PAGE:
Mitigation and Adaptation

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  • Aims
  • To understand how can we limit or adapt to climate change.
  • What are the national and small scale strategies for limiting or coping with climate change?
  • What are the contributions of individuals to help reduce the impacts of climate change ?
  • Enquiry
  • What are the strategies for dealing with climate change?
  • Mitigation
  • Means reducing the output of greenhouse gases and increasing the size of carbon sinks.
  • Examples of mitigation are:
  • Setting targets to reduce carbon dioxide emissions
  • Switching to renewable energy, such as wind power
  • Capturing carbon emissions from power stations and storing them
  • – what do you think?
  • Adaptation
  • Adaptation means changing our lifestyles to cope with a new environment
  • rather than trying to stop climate change .
  • Examples of adaptation include:
  • Managed retreat of coastlines vulnerable to sea level rise
  • Developing drought resistant crops
  • Enlarging existing conservation areas to allow for shifting habitat zones
  • Many scientists argue that climate change would still occur even if we stopped polluting the atmosphere now so even 100% mitigation would require some adaptation.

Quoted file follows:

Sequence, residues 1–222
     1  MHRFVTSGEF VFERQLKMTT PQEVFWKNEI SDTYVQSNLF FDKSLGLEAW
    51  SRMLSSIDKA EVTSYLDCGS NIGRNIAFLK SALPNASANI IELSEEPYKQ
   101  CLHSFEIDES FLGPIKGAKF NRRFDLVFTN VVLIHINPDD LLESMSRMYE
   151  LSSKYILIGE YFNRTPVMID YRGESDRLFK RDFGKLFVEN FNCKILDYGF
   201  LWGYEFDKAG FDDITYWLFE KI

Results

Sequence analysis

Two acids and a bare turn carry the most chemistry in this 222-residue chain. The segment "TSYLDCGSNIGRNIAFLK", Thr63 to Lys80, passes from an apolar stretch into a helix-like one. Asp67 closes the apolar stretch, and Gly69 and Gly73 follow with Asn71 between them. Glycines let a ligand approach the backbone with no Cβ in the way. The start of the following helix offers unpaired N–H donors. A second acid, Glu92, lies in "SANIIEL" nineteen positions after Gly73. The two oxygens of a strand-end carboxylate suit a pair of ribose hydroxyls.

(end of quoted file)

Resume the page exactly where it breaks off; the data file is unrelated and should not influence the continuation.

• -what do you think?

The UN Environment Programme strategies to climate change

  • Most of these strategies need resources, which many LEDCS lack

There is much disagreement about how to deal with climate change

  • For human systems like the economy mitigation would involve an upfront cost to reduce atmospheric pollution to ‘safe levels’.
  • Adaptation might mean the costs were spread over a longer time scale and were more gradual.
  • For natural systems like ecosystems, mitigation could limit the damage.
  • Adaptation might condemn natural systems which cannot adapt to climate change. Species may become extinct and biodiversity be degraded as threats to ecosystems increased.

The value of natural ecosystems is a strong argument for acting now to reduce the worst impacts of climate change.

  • The value of natural ecosystems is a strong argument for acting now to reduce the worst impacts of climate change.
  • MEDCS may have the resources to act now but parts of the world that are LEDCS lack the adaptive capacity.
  • This means that they do not have the human, physical or financial resources to cope with climate change.
  • To increase climate adaptive capacity they need:
  • To reduce poverty to meet the costs of adaptation
  • Increased access to resources including energy resources and materials